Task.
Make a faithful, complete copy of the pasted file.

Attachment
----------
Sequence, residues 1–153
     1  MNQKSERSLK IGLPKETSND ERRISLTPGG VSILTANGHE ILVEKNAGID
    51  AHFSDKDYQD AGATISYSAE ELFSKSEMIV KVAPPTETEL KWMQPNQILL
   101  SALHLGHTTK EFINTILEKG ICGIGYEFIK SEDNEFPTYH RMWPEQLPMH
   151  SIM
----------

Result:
Sequence, residues 1–153
     1  MNQKSERSLK IGLPKETSND ERRISLTPGG VSILTANGHE ILVEKNAGID
    51  AHFSDKDYQD AGATISYSAE ELFSKSEMIV KVAPPTETEL KWMQPNQILL
   101  SALHLGHTTK EFINTILEKG ICGIGYEFIK SEDNEFPTYH RMWPEQLPMH
   151  SIM